Changing energy ownership will also help to improve public engagement, says James Hutton Institute fellow Bill Slee. A publicly owned energy company is something the Scottish Government says it will consult on by the end of 2018.

“Communities who have got their own turbines, they like to go and do the maintenance themselves,” says Slee. “People feel a sense of ownership of a basic resource that they need.”

This grassroots conversation is the start of a new dialogue and it falls on the same day that Total has shed up to 250 jobs in the Granite City following a takeover of Maersk Oil. A further 5,500 job losses are expected in Aberdeen’s energy sector by 2027, according to a city council report. It is easy to see why Aberdonians are clinging onto hope of something better.

“Hope is not a strategy,” says engineer Paul Lindop. “We’ve got a lot of energy and skills in North East Scotland that currently are waiting for the oil price to recover. My little pitch here is not about oil and gas energy but about the energy of people in the North East.”

Lindop points to communications as an industry that could flourish in Aberdeen.

“One of the things that the North East of Scotland is now a world leader in is communication. If you go out to Dyce, those satellite farms are not there by chance. The fact that you had to communicate with data and voice and all sorts of things offshore, remote and mobile locations, mean that the North East of Scotland is the number one place for that skill set.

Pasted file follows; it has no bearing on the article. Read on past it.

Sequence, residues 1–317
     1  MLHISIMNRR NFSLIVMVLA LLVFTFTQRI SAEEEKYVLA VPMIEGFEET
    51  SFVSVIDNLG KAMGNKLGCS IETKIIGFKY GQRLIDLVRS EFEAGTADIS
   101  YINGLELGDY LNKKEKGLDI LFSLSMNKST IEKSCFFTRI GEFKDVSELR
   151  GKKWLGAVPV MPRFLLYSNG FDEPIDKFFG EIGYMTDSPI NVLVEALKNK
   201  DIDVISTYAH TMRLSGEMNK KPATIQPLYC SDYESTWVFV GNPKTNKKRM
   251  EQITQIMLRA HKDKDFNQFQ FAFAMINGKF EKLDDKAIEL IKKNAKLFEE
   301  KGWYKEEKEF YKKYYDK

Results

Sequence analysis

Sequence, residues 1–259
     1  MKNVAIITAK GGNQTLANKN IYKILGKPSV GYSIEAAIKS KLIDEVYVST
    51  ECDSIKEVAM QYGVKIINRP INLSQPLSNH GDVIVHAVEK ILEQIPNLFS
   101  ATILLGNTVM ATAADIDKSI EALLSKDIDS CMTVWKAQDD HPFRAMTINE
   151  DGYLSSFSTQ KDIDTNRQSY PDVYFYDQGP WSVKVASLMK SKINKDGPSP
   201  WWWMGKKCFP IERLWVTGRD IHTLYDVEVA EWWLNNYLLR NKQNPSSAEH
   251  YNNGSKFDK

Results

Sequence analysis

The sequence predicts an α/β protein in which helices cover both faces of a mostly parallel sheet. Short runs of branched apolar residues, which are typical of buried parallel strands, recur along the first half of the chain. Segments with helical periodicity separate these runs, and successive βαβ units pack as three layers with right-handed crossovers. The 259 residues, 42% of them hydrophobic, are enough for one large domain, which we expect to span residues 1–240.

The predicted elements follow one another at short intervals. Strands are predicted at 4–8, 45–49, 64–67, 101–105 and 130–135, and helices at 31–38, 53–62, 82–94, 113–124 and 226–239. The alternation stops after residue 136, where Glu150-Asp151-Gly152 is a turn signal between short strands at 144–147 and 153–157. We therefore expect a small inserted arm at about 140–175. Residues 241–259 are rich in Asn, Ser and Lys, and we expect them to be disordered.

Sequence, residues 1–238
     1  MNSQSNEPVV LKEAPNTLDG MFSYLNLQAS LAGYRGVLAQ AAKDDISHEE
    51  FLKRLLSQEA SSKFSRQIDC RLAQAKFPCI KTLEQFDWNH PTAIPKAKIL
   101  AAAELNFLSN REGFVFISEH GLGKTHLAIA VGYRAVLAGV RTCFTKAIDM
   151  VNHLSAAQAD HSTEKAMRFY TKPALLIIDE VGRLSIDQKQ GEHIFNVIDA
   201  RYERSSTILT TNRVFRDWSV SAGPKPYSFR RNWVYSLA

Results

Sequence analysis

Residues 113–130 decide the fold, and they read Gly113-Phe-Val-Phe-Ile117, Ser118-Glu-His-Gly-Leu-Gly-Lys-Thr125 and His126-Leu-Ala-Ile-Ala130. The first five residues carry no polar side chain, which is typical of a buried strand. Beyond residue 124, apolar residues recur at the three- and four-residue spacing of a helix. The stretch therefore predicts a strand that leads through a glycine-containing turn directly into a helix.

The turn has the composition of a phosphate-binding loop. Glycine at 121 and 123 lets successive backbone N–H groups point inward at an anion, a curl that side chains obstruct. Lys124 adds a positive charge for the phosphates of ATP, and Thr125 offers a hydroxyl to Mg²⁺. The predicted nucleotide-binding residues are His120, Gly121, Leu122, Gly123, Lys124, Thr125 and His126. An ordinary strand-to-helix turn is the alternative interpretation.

“Those satellite dishes are what people recognise when they fly in and out. They don’t know what they mean, a, in terms of the industry they work in now, and b, what their potential is.”

Lindop also believes Aberdeen should capitalise on its computer science graduates. He highlights a brain drain of professionals in this field. Further opportunities could also be harnessed from the city’s life sciences.

“We have one of the world’s best life sciences research groups sitting hidden in Aberdeen,” adds Lindop.

A new bio-therapeutic hub for innovation in the region is in the pipeline. Opportunity North East is supporting the development of the hub which will provide space for start-up businesses in life sciences. The organisation calls itself the private sector’s response to rebalancing the North East economy.

“…It will grab headlines with a nice big shiny building,” says Lindop, “but at the moment it’s hidden. That needs to be a bright, kernel for something that people grab hold of.

“Oil and gas have affected the mood of the town. The downturn has affected its mental state more than probably its true financial state. And there are lots of good industries in the town.”

Trotman argues that hope is indeed a strategy and one that hangs all of these creative ideas together.

“For me, hope is the only strategy that we have at the moment. Hope is the thing that gets us when we have no answers to what it is. It’s the thing that makes us believe there are answers and there are different ways of being in the world.

“So I would suggest that hope is quite strong and why we’re all here today.”